Play Minesweeper here !
Colisweeper is an interactive, biological version of the computer game Minesweeper. The goal is to clear an agar “minefield” without detonating the mines. Genetically engineered Escherichia coli colonies are used as mines and non-mines. Mines secrete the signaling molecule AHL whereas non-mines process the signal. To distinguish different AHL-levels, a library of PLuxR promoters with various AHL sensitivities was created through site-saturation mutagenesis. High-pass filters were constructed to control the expression of different orthogonal hydrolases in non-mines, depending on the number of surrounding mines.
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How to play Colisweeper
Initially, an agar plate is prepared with mine and non mine colonies in the hexagonal grid pattern. To play the game, the player pipettes a solution on to a colony of choice. The color developed on this colony will determine the next move for the player. If the playing solution is pipetted on a colony and it turns yellow, salmon or magenta; this indicates zero,one or two mines respectively adjacent to the played colony. In case a mine colony is encountered, the colony turns blue and the game is over. If the player decides to flag a mine colony, the flagging solution is pipetted that turns the colony green in color. This way the color logic gives the player cue for the next move in the game.
Sender cells (mines) express LuxI protein, which catalyzes the production of a small signalling molecule, called AHL. This molecule diffuses through the agar plate and reaches the receiver cells called non-mine colonies. These colonies are designed to distinguish different concentrations of AHL and translate this analog information into the expression of different sets of reporter enzymes. The continuous signal is digitized through a set of mutated PLuxR promoters with different AHL sensitivities acting as highpass filters.
From Minesweeper to Colisweeper
Mines secrete the signaling molecule AHL which diffuses through the agar and is processed by neighboring non-mine colonies. High-pass filters were constructed to control the expression of different orthogonal hydrolase enzymes in non-mines. Promoters that serve as high-pass filters were tuned to express hydrolases depending on the concentration of the AHL molecules from the surrounding mines. The colors yellow, salmon and magenta corresponds to zero, one and two mines around a colony. Additionally, the mines express their own hydrolase which when added with the multi-substrate gives blue color. The genomic expression of lacZ enables the flagging of both mines and non mine colonies turning the colonies green.
As a reporter system we use a set of orthogonal hydrolase enzymes: alkaline phosphatase (phoA), β-galactosidase (lacZ), acetylesterase (aes), β-N-Acetylglucosaminidase (nagZ) and β-glucuronidase (gusA). Each hydrolase can react with its respective substrate within minutes resulting in a fast, colorful output. Quick response times and the ability to read the output without using instruments are essentials for a fast gameplay.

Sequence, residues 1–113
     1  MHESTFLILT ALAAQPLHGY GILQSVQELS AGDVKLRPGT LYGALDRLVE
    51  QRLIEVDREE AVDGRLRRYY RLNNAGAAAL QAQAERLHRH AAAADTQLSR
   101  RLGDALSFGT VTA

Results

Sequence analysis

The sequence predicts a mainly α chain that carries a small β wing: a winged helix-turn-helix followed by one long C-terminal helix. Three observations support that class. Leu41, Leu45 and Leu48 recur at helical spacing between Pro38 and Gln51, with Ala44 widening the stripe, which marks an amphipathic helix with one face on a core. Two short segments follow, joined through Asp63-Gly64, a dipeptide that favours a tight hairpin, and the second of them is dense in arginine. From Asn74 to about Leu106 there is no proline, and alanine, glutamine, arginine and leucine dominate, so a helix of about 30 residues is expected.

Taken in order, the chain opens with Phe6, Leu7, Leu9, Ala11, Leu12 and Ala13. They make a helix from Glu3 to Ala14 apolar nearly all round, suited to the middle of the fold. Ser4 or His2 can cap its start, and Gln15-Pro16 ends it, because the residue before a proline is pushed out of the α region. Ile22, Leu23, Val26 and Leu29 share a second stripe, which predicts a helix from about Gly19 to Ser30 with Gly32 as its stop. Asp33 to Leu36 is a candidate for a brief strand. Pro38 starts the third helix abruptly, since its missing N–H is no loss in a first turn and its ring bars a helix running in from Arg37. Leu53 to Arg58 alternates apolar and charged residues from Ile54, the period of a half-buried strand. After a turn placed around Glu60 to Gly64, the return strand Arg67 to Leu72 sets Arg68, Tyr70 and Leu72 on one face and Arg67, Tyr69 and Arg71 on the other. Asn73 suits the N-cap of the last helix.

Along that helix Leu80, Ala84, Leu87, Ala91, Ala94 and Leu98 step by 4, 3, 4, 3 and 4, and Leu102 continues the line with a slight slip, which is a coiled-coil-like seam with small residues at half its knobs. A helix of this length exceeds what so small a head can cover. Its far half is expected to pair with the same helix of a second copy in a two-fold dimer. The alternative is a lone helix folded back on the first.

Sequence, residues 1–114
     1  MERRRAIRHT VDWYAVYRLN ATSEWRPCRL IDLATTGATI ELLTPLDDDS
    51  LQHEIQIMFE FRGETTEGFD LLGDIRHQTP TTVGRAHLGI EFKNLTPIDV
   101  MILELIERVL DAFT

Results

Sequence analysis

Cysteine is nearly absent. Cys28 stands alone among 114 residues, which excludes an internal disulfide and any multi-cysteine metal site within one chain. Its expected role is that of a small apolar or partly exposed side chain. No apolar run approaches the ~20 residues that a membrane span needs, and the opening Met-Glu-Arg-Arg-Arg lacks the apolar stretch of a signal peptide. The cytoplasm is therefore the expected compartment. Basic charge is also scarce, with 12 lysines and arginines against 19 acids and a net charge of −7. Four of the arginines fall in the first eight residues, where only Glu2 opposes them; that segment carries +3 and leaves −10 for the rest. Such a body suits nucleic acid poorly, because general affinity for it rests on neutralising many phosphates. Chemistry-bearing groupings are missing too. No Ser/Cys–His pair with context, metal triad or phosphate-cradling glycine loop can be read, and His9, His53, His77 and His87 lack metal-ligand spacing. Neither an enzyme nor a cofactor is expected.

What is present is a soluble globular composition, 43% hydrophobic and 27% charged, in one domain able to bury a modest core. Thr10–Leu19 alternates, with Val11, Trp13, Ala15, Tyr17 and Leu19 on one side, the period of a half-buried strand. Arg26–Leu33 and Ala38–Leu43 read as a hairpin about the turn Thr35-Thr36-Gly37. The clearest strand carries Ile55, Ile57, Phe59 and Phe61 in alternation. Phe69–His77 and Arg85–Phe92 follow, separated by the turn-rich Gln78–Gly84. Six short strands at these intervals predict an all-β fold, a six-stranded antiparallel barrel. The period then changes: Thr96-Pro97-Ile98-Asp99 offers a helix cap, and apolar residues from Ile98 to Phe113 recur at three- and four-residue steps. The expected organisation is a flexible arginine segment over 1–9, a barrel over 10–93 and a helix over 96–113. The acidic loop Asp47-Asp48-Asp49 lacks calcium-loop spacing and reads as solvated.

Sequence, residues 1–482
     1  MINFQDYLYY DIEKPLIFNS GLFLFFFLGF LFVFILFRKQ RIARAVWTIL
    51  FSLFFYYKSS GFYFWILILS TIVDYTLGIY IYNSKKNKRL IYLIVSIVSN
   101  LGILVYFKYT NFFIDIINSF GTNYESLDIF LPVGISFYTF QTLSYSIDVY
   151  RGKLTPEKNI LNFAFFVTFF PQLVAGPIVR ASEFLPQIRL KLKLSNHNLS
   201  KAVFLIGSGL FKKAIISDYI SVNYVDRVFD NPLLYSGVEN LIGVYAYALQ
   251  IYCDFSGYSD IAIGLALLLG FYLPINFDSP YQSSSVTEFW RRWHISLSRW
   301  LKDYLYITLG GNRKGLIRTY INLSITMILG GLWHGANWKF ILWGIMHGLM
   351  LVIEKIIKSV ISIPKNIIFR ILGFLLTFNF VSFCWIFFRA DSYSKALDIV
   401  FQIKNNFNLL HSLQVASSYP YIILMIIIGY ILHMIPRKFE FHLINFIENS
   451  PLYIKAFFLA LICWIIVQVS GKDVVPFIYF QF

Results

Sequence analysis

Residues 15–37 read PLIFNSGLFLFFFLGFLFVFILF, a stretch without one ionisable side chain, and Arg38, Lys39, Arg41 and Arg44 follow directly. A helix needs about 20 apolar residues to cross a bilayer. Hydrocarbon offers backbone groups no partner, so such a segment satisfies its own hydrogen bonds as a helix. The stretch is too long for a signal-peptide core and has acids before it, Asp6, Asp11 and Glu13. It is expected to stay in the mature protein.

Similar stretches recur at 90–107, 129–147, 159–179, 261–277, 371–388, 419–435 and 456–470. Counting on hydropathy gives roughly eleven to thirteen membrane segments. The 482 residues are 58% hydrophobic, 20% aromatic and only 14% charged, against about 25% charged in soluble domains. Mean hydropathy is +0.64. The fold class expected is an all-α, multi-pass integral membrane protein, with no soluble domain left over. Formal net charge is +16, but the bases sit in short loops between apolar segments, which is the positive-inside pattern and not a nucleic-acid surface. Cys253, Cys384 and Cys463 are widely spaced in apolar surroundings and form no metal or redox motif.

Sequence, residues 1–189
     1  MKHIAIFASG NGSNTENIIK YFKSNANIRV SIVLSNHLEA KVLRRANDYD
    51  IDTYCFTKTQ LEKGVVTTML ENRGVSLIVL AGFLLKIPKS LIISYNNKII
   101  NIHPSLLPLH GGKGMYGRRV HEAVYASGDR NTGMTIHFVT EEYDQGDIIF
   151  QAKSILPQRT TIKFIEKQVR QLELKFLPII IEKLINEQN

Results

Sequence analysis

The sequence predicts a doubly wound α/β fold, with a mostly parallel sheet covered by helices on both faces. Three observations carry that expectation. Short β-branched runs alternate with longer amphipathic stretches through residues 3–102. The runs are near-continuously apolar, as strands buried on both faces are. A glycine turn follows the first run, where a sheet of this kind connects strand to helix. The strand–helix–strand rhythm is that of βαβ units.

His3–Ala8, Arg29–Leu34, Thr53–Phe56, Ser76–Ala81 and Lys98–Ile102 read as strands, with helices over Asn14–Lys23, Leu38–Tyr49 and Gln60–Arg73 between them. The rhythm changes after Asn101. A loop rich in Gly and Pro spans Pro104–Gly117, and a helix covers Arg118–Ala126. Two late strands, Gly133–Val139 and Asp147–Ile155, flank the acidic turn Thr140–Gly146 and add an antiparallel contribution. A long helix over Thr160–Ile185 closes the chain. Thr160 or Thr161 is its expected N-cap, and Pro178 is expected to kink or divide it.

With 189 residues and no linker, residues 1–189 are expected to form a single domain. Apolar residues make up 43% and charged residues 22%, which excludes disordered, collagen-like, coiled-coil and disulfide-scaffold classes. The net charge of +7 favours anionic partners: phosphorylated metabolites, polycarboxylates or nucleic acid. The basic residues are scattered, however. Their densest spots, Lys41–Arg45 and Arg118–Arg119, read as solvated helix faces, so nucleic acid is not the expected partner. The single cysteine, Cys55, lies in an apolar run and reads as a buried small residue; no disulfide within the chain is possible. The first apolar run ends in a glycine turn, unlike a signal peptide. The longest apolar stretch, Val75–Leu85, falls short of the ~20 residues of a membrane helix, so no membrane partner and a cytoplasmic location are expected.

As our bio-game is based on processing the AHL concentration in the non-mine colonies, the diffusion of AHL in the agar is vital to the system. The diffusion was modeled by carrying out simulations to determine the time and distance of diffusion. We also modeled synthesis, regulation and degradation reactions of the proteins involved in our genetic circuits. To account for both processes: diffusion and reactions; we developed a spatio-temporal model in two dimensions comprised by three modules: mines, receivers, and the agar plate. Finite element methods were used to solve the system of partial differential equations (PDEs). Our model turned out to be very valuable in the circuit refinement and the design of experiments. Moreover, we continually improve out model by incorporating parameters from our own experimental data.
Diffusion experiments were performed to determine the time and distance of AHL diffusion between colonies in the agar mine-grid. A symbiotic relation between experiment and model proved to be beneficial. As proof-of-principle, we set up diffusion experiments using GFP as reporter. The LuxR promoter from the registry was mutated to obtain a library of PLuxR promoters with different sensitivities in order to distinguish different AHL levels. Initial tests suggested leaky reporter expression in the uninduced colonies. As a solution to this problem, we use glucose to shut down the Placpromoter and a positive feedback loop using lacI under the PLuxL promoter. Meanwhile we characterize the biobricks using Michealis-Menten kinetics and flow cytometry.
We analyze the concept of gamification in synthetic biology, describing many examples where common games are played in a new way or where games are used as research tools. We discuss possible consequences for synthetic biology and show how Colisweeper could be used for awareness raising. For this purpose we designed a Colisweeper Laboratory Course Kit and we propose an idea of a web-based Colisweeper platform enabling people from across the world to play against each other using a remotely controlled robot.
We are a team of seven highly motivated Bachelor- and Master Students at ETH Zurich pursuing various fields such as Biotechnology, Biomedical Engineering, Neurobiology and Bioinformatics. The iGEM project is carried out at one of the youngest departments of ETHZ located in Basel-Department of Biosystems Science and Engineering - flourishing in interdisciplinary biological research. If you're around Basel, make sure to visit our team's lab to play the bio-game Colisweeper!